Real estate tax expert Mark Lee Levine, CCIM, JD, LLM (Tax), has published the Handbook on Exchanging Real Estate, a one volume work on tax-deferred exchanges in real estate. Most CCIMs are familiar with the value of using tax-deferred exchanges. On a personal basis or for clients, such tools for tax deferrals have enabled many commercial real estate brokers to work with clients to sell property that would not otherwise have been transferred, if the taxes were not avoided on the exchange. Thus, more commissions have been generated for CCIM designees because the deferral of taxes was possible when the Exchange technique was employed.
The focus in the Handbook is on the key issues that arise with exchanges. While Levine has various lengthier books that address the details on exchange issues, the Handbook is intended to give quick, practical answers that accurately address investors' concerns about following the Exchange rules for Internal Revenue Code Section 1031.
This new Handbook contains areas of coverage on issues such as: Why does the exchange tool (IRC 1031) exist? Of course, given the history of this rule, starting back in 1921 when the U.S. Congress passed the first iteration of the law, commercial real estate professionals have seen how the ability to postpone the payment of taxes on gains from the disposition of qualified real estate has been a wonderful, legal approach to allowing investors to move from one investment to another property, without diluting the investment dollars by currently paying taxes.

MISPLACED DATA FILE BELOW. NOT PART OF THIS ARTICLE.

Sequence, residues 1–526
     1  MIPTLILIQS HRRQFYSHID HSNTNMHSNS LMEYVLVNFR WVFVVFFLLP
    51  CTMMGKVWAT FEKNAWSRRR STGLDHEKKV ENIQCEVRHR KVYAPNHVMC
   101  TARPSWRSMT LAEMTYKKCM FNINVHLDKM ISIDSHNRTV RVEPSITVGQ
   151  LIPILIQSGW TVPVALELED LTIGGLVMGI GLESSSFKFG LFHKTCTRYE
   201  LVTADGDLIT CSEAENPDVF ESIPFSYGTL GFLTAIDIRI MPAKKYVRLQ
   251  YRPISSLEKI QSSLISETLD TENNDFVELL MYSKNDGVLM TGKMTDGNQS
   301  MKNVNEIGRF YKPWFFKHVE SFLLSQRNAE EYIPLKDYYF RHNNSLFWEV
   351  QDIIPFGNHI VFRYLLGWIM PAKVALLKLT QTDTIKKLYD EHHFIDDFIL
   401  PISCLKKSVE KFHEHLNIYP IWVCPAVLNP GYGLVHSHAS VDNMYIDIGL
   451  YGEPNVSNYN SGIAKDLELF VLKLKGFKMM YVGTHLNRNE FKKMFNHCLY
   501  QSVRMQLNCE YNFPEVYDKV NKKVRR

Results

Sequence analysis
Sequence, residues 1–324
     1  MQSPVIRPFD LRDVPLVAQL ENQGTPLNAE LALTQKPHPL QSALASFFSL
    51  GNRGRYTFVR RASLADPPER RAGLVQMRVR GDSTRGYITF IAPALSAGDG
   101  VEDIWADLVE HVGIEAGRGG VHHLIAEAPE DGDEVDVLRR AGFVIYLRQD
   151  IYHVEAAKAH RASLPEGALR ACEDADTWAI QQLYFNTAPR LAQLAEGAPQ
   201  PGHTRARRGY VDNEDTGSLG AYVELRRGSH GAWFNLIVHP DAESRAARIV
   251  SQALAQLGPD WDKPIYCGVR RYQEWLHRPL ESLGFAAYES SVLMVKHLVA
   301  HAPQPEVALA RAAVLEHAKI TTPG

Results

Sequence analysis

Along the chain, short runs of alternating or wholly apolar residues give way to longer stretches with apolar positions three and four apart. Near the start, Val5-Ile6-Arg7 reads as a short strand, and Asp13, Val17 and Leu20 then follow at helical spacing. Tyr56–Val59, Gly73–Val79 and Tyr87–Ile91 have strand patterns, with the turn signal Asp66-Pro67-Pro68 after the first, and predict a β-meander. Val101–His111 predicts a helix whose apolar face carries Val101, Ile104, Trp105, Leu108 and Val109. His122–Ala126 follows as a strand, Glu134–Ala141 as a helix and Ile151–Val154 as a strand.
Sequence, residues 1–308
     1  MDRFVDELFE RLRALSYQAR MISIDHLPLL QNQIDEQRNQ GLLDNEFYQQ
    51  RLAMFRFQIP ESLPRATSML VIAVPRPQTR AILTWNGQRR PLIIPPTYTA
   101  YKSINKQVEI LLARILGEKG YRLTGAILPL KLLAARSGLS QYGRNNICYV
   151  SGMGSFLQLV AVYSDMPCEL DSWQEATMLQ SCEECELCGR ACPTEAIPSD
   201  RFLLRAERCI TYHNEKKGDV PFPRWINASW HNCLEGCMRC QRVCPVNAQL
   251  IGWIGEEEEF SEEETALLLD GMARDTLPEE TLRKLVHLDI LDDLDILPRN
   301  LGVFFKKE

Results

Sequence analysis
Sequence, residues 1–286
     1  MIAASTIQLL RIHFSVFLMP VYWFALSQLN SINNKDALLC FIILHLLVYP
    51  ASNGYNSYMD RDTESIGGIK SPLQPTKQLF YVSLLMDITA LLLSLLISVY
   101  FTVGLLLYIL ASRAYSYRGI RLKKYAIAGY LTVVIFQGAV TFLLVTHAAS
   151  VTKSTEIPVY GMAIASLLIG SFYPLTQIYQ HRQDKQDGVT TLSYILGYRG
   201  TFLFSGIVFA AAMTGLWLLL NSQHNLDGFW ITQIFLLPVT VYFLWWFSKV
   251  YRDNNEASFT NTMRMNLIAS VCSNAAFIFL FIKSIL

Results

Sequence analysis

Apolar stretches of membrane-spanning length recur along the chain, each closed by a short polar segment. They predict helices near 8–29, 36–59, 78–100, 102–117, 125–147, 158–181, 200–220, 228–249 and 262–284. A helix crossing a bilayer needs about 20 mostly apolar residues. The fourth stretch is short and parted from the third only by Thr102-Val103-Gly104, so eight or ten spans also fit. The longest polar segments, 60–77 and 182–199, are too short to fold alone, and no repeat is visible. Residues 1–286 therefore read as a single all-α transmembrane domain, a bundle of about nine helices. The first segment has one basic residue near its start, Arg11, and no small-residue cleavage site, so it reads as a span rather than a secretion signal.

The book also addresses the practical issue of when to use IRC 1031 exchanges - and when to avoid them. According to Levine, “There are many situations where the exchange tool should not be employed.”
Classification of property is critical for exchanges as some property, such as dealer property, will not qualify for tax deferral under IRC 1031. To come within this exchange rule, Levine notes that the property involved in the exchange must be “qualified property” and “like kind property.”
The Handbook examines several cases where these definitional requirements were and were not met. The prudent CCIM needs to know these requirements to support the needs for their clients, as well as to assist CCIMs who are undertaking an exchange for their own accounts.
Additional issues addressed in the Handbook include these five crucial discussions for CCIMs to assist their clients.
- What are the requirements to meet the “tax deferred, deferred exchange” rules?
- Can entities holding real estate also undertake exchanges within 1031?